Bucks Monday: Caron Butler, Ersan Ilyasova eyeing return

ST. FRANCIS, Wis. — With the training staff watching his

return to practice like a hawk, Caron Butler kept nodding in their direction to

ensure them he was doing just fine.

Butler and fellow forward Ersan Ilyasova were back on the

practice court Monday, as the Milwaukee Bucks appear to be getting closer to

having both ready to play.

But as two key pieces returned, two sat out. Point guard

Brandon Knight was out again with a sore right hamstring, while guard Gary Neal

missed Monday’s practice after the plantar fasciitis in his left foot flared up

again.

With another practice Tuesday, Bucks coach Larry Drew will

wait to make a determination on the availability of all four players for

Wednesday’s game against Portland at the BMO Harris Bradley Center.

“It’s a good stretch and we’ll try to use it wisely, just

juggling the guys who are banged up,” Drew said “We have to somehow not do too

much to where they are banged up even more. Then the guys coming back, we need

to give them some time to learn what we are doing. We’re trying to balance both

things.”

When he went down late in last Wednesday’s 94-91 loss in

Orlando, Butler didn’t anticipate returning to practice this soon. Clutching

his left shoulder and in a lot of pain, the veteran small forward feared the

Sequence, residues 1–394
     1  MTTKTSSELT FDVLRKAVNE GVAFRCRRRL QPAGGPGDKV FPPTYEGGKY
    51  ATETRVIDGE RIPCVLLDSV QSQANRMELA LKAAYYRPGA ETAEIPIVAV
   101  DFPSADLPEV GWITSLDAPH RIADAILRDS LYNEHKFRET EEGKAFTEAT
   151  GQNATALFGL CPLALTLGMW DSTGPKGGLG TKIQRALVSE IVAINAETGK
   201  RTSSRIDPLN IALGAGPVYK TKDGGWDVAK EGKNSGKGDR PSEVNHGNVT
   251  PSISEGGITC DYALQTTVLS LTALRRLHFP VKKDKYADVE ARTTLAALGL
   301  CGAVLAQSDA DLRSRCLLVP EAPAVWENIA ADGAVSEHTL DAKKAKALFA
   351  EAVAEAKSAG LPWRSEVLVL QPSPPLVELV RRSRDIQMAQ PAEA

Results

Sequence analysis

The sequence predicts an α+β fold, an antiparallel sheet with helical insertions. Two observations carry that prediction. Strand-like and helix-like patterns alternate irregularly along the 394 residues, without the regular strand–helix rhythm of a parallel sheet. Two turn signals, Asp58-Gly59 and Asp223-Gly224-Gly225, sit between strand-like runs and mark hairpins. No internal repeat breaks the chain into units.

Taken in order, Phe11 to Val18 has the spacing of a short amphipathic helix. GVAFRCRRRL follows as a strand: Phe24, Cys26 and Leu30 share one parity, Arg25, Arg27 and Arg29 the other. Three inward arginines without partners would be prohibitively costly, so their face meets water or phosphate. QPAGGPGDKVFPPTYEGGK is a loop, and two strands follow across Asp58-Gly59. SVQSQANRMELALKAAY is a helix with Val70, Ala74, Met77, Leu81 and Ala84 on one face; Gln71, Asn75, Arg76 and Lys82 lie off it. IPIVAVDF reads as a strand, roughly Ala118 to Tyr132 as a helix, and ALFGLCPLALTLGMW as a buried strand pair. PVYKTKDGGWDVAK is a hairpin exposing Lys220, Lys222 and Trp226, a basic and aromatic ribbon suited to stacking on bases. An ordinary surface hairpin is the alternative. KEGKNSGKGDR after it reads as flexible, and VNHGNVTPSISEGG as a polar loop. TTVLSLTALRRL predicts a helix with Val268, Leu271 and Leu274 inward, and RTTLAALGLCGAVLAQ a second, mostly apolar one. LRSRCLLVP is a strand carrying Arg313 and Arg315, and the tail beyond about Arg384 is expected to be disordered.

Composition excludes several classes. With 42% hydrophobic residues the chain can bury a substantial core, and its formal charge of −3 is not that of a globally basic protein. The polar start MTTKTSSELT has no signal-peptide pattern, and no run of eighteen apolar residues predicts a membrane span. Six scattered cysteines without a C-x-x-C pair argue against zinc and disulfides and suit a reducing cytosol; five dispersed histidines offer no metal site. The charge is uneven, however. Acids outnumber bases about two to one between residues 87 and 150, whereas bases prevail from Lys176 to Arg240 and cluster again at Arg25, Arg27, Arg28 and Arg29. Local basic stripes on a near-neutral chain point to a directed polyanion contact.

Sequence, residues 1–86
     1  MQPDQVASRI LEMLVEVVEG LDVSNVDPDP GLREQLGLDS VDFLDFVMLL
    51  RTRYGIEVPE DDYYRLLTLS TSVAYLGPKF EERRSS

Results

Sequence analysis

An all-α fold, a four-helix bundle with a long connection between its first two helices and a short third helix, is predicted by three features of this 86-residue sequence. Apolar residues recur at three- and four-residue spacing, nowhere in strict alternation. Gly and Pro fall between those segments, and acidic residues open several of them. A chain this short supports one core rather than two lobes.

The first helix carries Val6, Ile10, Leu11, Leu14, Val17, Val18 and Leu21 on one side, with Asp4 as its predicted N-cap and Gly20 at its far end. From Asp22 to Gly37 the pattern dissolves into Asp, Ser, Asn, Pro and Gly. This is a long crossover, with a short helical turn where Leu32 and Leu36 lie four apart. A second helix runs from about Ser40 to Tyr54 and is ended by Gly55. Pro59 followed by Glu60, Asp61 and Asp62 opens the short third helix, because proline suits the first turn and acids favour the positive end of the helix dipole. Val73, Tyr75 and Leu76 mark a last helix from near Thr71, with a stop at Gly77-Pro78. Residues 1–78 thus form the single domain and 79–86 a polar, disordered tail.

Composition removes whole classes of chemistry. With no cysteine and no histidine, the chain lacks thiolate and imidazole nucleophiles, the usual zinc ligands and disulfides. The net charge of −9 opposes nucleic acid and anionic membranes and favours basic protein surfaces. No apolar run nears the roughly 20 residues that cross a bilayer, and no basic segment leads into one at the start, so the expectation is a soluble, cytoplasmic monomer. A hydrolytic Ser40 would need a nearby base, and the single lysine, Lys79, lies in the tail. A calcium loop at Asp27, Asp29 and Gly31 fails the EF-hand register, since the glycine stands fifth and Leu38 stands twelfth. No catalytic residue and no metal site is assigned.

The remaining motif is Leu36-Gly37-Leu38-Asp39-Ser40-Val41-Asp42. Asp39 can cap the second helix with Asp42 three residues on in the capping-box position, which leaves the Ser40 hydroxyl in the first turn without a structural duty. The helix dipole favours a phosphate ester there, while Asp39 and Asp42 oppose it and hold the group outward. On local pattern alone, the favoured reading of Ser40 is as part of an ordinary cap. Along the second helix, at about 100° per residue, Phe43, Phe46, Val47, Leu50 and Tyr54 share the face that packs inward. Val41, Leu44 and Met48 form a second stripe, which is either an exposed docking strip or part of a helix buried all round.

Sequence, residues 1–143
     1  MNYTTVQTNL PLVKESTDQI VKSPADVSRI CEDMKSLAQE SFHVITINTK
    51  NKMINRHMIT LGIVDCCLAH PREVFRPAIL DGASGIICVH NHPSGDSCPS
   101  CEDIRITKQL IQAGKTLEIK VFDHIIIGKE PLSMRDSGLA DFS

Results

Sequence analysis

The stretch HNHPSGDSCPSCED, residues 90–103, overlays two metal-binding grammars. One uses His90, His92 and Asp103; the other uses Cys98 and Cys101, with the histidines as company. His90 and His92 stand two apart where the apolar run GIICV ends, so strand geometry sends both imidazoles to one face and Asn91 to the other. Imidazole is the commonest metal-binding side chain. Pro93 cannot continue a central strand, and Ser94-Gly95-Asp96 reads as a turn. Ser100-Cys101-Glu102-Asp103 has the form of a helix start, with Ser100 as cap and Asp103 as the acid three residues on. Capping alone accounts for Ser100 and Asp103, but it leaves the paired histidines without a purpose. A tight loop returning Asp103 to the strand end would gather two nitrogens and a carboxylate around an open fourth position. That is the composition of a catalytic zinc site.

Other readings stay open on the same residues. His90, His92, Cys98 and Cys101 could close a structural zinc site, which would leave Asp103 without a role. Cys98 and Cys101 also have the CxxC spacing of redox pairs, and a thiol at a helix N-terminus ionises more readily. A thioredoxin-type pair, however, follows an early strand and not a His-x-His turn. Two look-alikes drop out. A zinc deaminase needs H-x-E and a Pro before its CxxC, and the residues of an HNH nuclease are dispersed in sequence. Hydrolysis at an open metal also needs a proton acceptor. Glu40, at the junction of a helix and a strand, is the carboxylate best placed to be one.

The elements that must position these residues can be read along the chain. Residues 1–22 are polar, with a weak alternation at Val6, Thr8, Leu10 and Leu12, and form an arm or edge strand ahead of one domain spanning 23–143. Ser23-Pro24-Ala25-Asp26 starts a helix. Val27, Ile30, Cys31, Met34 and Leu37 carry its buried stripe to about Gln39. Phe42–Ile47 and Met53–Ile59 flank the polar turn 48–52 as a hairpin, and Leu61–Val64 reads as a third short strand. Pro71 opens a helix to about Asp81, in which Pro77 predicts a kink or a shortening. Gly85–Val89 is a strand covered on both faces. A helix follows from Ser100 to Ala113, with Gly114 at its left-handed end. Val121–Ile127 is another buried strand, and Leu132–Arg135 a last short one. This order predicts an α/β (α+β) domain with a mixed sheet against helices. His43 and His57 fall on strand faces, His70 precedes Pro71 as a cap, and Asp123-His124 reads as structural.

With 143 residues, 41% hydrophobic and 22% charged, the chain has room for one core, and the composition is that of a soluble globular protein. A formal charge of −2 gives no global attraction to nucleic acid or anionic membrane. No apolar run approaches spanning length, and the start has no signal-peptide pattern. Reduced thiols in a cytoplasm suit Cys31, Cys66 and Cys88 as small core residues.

worst when he heard a pop.

“I was very concerned,” Butler said. “I thought it was much

worse than it ended up being. After hearing the pop, I was just like ‘Oh, man.’

I was just hoping it wasn’t anything broken or fractured. From the feel and

look of it initially (I thought) it was worst case scenario.”

But an MRI and two different opinions on the injury all came

back with encouraging results, and Butler feels he has a chance to play either

against the Trail Blazers or Friday in Philadelphia.

Athletic trainer Scott Barthlama and his staff have designed

a special sleeve for Butler to wear around his shoulder for protection. The

sleeve includes some padding to prevent aggravation if someone would hit Butler

on the left shoulder.

Butler feels it was important for him to go through the full

practice, contact included, so he knows he’s ready to play instead of realizing

he can’t go during the middle of a game.

“If I decide to play this game or the following game, I’m

not going to want to come out of the game,” Butler said. “So this is the test

right now, not during the game. You push yourself and you let the coaching

staff and your teammates know to have confidence in knowing you can be out

there.”

Ilyasova has missed Milwaukee’s last six games after missing

the majority of the preseason with a sprained right ankle suffered in the first

exhibition game of the year. The ankle began to bother Ilyasova again after

playing in the first two games of the regular season and he’s been held out

since.

The Bucks don’t plan to rush Ilyasova back, making him

questionable for Wednesday even if he practices again Tuesday.

“He was a little rusty,” Drew said. “He hasn’t been out

there in a while going up and down the floor. He’ll get his rhythm and timing

back and it’s good to have him back.

“He’s been out since the first exhibition game, and we’ve

put a lot of things in since then. He’s been here watching us, but it’s totally

different from being out there.”

Neal has been battling plantar fasciitis in his left foot since

last season when he played for San Antonio. The painful injury has caused him

to miss time in the preseason and one regular season game and is something that